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|TEXAS BOARD OF NURSE EXAMINERS/BOARD OF
PHARMACY JOINT POSITION STATEMENT ON MEDICATION ERRORS
Medication errors occur when a drug has been inappropriately prescribed, dispensed, or administered. Medication errors are a multifaceted problem which may occur in any health care setting. Consistent with their common mission to promote and protect the welfare of the people of Texas, the Board of Nurse Examiners and the Board of Pharmacy issued this joint statement for the purpose of increasing awareness of some of the factors which contribute to medication errors. The Boards note that there are numerous publications available which examine the many facets of this problem, and agree that all elements must be examined in order to identify and successfully correct the problem. This position paper has been jointly developed because the Boards acknowledge the interdisciplinary nature of medication errors and the variety of settings in which these errors may occur. These settings may include hospitals, community pharmacies, doctors' offices/clinics, long term care facilities, clients' homes, and other locations.
Traditionally, medication errors have been attributed to the individual practitioner. However, reports such as the recently published Institute of Medicine's To Err Is Human: Building a Safer Health System, suggest the majority of medical errors do not result from individual recklessness, but from basic flaws in the way the health system is organized. It is the joint position of the Boards that a comprehensive and varied approach is necessary to reduce the occurrence of errors. The Boards agree that the comprehensive approach includes three major elements: (1) the individual professional's knowledge of practice; (2) resources available to the professional; and (3) systems designs, problems and failures. Each of these three elements of this comprehensive approach are discussed below:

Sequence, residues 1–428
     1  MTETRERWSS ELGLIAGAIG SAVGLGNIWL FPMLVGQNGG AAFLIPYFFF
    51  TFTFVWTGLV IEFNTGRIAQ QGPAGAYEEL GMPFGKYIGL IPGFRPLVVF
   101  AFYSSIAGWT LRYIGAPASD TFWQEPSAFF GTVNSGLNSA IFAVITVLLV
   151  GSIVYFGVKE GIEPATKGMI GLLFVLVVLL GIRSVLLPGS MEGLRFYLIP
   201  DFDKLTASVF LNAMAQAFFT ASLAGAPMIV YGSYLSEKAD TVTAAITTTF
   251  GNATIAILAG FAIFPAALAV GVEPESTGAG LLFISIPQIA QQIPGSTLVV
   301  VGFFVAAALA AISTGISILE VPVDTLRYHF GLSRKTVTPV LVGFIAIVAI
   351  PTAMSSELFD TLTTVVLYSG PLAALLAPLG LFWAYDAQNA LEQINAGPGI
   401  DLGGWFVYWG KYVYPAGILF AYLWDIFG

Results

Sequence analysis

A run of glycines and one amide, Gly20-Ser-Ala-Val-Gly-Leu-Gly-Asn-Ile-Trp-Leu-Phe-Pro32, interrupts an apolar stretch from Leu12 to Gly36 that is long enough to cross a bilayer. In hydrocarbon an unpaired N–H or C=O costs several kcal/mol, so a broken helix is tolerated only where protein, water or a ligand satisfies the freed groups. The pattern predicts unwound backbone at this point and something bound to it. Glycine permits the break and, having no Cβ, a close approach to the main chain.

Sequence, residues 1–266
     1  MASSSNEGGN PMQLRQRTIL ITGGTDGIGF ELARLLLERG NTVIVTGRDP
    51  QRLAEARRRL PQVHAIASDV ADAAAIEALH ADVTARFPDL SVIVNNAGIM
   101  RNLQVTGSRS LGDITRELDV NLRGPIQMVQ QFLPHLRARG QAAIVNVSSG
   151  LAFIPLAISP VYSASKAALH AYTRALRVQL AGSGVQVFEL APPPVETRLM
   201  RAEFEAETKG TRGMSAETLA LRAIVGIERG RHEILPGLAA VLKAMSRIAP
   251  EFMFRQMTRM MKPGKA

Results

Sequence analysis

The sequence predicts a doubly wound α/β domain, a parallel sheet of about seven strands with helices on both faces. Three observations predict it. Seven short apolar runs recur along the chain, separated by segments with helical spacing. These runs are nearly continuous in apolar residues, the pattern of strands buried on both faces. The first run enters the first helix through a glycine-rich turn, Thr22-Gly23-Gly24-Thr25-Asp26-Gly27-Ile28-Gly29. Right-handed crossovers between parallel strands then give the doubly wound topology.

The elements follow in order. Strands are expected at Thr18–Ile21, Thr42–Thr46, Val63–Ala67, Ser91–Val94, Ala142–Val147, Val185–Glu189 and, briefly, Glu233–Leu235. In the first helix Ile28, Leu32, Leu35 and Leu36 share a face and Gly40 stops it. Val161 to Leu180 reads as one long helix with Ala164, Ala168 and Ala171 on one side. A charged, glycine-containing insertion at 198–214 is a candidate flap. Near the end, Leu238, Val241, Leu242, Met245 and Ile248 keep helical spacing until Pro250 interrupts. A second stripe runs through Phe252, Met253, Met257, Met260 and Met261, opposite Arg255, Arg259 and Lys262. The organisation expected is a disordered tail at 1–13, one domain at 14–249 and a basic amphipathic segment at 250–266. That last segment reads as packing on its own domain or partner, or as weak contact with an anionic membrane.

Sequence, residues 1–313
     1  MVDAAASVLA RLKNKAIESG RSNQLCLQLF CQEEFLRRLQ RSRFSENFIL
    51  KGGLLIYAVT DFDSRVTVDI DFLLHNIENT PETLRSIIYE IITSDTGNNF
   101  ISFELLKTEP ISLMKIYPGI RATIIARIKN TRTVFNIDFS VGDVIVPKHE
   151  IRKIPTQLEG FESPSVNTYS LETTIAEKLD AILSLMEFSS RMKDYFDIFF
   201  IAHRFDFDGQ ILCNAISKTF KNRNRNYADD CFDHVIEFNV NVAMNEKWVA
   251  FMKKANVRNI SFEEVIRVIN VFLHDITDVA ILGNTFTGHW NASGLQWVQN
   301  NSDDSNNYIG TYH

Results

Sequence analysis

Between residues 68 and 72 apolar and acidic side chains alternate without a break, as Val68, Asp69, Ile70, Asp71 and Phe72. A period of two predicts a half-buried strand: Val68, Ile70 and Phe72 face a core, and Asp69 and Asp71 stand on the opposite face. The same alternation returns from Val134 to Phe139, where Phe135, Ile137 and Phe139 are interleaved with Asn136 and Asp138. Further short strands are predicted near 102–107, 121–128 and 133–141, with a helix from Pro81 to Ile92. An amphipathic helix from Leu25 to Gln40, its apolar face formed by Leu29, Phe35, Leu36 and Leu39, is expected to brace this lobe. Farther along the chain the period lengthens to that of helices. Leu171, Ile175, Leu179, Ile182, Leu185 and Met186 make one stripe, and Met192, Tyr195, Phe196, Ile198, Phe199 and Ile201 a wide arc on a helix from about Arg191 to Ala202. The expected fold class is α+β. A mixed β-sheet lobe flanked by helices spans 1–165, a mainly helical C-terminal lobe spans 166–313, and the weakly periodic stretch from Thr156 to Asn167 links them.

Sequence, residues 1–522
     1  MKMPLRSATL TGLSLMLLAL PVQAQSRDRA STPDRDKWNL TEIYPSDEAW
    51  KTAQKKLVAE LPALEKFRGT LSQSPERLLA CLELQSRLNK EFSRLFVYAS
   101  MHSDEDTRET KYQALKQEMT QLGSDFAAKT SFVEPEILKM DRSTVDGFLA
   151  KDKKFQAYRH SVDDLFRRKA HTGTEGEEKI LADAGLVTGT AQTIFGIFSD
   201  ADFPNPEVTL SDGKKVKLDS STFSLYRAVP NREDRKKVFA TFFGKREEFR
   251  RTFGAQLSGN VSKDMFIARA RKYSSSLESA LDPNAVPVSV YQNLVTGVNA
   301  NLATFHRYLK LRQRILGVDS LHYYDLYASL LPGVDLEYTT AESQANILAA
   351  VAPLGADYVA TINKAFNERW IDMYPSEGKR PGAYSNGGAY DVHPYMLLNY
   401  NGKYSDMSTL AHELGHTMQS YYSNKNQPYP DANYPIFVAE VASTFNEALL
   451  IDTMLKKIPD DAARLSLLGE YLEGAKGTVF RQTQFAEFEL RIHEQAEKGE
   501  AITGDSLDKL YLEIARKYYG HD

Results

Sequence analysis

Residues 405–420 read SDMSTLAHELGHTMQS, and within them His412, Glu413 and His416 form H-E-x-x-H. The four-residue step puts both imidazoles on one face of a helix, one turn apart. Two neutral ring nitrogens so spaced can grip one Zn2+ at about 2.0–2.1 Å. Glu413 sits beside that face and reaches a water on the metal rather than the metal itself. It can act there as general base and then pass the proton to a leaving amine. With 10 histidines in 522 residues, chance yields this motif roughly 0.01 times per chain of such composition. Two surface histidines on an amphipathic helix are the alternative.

The table following the text of this statement, while not an exhaustive list, specifies areas which can be reviewed when medication errors occur. These areas encompass all three of the aforementioned contributing elements to the problem of medication errors and can be applied to individuals or systems. Communication is a common thread basic to all of these factors. Effective verbal or written communication is fundamental to successfully resolving breakdowns, either individual or system wide, that frequently contribute to medication errors.
The Boards agree that health care regulatory entities must remain focused on public safety. It is imperative that laws and rules are relevant to today's practice environment and that appropriate mechanisms are in place to address medication errors. The complex nature of the problem requires that there be a comprehensive approach to reducing these errors. It is vital to the public welfare that medication errors be identified, addressed, and reduced.
Institute of Medicine. (1999). To err is human: Building a safer health system. Washington, D.C.: National Academy Press.
Joint Commission on Accreditation of Healthcare Organizations. (1999). High-alert medications and patient safety. Sentinel Event Alert, [On-line]. Available: jcaho.org/edu_pub/sealert/sea11.html.
Leape, L. L. (1994). Error in medicine. Journal of the American Medical Association, 272(23), 1851-1857.
Nursing Practice Act, Texas Occupations Code, §§301 and 303.
Texas Pharmacy Act, Texas Occupations Code, §§551 - 566.
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